So this still isn’t ideal because if we click on one of the clusters to see the constituent sub clusters the performance can be slow especially in regions where there are lots of cases (like the Southest and Northeast).  Why don’t we make a hexbin chart that might be more useful in representing the distribution of reported Zika cases in Brazil ? Hexbin charts are an extension of the heat map concept where squares are used to capture density or count in a region. The hexagonal shape is closer to a circle shape. What we will see is that the hex shapes on the map will be colored by count of Zika cases in that area. You will need to install the hexbin package prior to use. So it might be better to use a density geometry or a chloropleth map (see comments) though in creating the long_formapping data frame you will notice that it repeats the same latitude/longitude pair many times so in effect any resulting map is basically going to represent the counts of the same locales. We could jitter the lat/lon pairs some to get a better data set for density or chloropleth. For now we will stick with the hexbin since it overlays the map nicely.

mymap <- qmap(c(lon=-56.09667,lat=-15.59611),zoom=4)
mymap + 
  geom_hex(bins=bins,data = long_formapping, aes(x = lon, y = lat),alpha=.6,
           inherit.aes=FALSE) + 
  geom_point(data = long_formapping, aes(x = lon, y=lat),
             inherit.aes=FALSE,position = "jitter")+
  scale_fill_gradient(low = "blue", high = "red")
HexBin Chart of Zika Cases in Brazil

HexBin Chart of Zika Cases in Brazil

As usual there are many other ways to kick this data round but I hope I have given you a realistic introduction to working with data that isn’t custom made for summary. Most of the data you will encounter will involve cleaning and manipulation prior to getting the best format for visualization and analysis. Speaking of analysis it can also be the case that you will need to juggle data formats around a few times to accommodate your interests. So many times you will never have a single ideal data format that will serve all your interests. This is why it is essential for you to become experienced with tools like dplyr, the lapply command, and some of the R programming constructs to glue it all together for you. Thanks for reading Steve Pittard © 2016  See my website for information on consulting and R training services.

Express dplyr Part II

Posted: July 7, 2016 in Data Mining, dplyr

This is Part II of the “Express dplyr” posting. If you haven’t already you might want to review Part I of this topic before proceeding although if you have some knowledge of dplyr then by all means proceed. Don’t worry – there are no tests ! In this second part we will work with some “real” data to help solidify our understanding of the dplyr concepts we studied previously. Note that as I wrote this posting I’ve offered up examples I put together very fast which means that there are probably opportunities for improvement and optimization. I want to present examples that can be understood by newcomers to dplyr so I’ve constructed the examples with this in mind.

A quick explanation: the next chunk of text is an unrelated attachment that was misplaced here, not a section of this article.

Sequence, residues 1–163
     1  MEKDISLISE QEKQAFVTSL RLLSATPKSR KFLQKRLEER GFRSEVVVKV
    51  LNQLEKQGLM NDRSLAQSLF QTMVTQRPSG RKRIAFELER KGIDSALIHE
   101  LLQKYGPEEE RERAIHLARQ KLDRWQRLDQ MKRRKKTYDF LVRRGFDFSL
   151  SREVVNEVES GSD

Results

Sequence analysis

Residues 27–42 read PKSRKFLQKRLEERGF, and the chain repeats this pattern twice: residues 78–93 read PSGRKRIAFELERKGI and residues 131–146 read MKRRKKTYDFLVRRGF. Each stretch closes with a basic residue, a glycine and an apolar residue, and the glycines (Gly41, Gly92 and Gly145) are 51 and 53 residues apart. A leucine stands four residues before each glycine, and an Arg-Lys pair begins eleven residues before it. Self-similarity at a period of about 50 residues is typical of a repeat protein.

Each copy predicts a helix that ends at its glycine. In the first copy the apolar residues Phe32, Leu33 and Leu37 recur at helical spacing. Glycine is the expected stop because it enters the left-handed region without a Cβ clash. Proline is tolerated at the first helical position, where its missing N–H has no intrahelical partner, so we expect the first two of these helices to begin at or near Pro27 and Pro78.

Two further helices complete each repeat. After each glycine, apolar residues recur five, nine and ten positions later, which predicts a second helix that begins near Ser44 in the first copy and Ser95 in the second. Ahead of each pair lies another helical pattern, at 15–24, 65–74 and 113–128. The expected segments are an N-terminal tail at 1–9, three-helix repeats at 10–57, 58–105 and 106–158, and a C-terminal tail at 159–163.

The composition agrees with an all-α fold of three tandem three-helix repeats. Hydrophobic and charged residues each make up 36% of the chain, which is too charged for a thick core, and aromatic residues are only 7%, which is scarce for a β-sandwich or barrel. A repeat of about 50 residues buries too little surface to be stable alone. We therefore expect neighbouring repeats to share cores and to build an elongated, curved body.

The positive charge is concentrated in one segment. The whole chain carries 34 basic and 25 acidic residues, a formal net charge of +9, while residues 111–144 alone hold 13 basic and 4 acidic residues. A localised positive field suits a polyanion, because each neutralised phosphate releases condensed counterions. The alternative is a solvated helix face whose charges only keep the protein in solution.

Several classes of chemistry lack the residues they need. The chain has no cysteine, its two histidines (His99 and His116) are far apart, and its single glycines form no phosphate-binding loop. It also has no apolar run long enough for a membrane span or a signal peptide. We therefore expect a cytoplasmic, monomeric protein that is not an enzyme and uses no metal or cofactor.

The Bay Area Bike Share program allows Bay area residents to use bicycles for commuting in the area. Here is a description of the service from the website:

Users of this service can purchase an annual membership online or get a 24-hour or 3-day membership from any station kiosk. 24-hour and 3-day members will receive a ride code from the station kiosk. Enter this code on the keypad next to any available bike. Annual members can bypass the kiosk and insert their membership key at any available dock. Wait for the green light, and pull the bike out while lifting the seat. After your trip, return the bike to any station in your service area. Push the bike firmly into an available dock, and wait for the green light to confirm your trip has ended. Enjoy unlimited trips up to 30 minutes each at no additional cost! Remember, trips longer than 30 minutes will incur overtime fees. 24-hour and 3-day members must request a new ride code for each trip by swiping their credit or debit card at the kiosk

I obtained data relating to this project from the Kaggle Project page. It represents anonymized Bike Data usage from 2013-2015. The data is about 660MB and you can download it though you will need a Kaggle account. The download contains an SQLite Database which is very cool though we’ll ignore that for now and work with the CSV files. However ! I put together a TAR file that has just the .csv files which are much smaller. Go here to get it or just execute the following commands.

url <- "http://steviep42.bitbucket.org/YOUTUBE.DIR/SF.TAR"
download.file(url,"SF.TAR")system("tar -xvf SF.TAR")
system("tar -xvf SF.TAR")


# Read in the station data
stations <- read_csv("station.csv")  

# Read in the trip date - you might get some messages about missing zipcodes
# but don't worry if you do

trips    <- read_csv("trip.csv")


Classes ‘tbl_df’, ‘tbl’ and 'data.frame':	70 obs. of  7 variables:
 $ id               : int  2 3 4 5 6 7 8 9 10 11 ...
 $ name             : chr  "San Jose Diridon Caltrain Station" "San Jose Civic Center" "Santa Clara at Almaden" "Adobe on Almaden" ...
 $ lat              : num  37.3 37.3 37.3 37.3 37.3 ...
 $ long             : num  -122 -122 -122 -122 -122 ...
 $ dock_count       : int  27 15 11 19 15 15 15 15 15 19 ...
 $ city             : chr  "San Jose" "San Jose" "San Jose" "San Jose" ...
 $ installation_date: chr  "8/6/2013" "8/5/2013" "8/6/2013" "8/5/2013" ...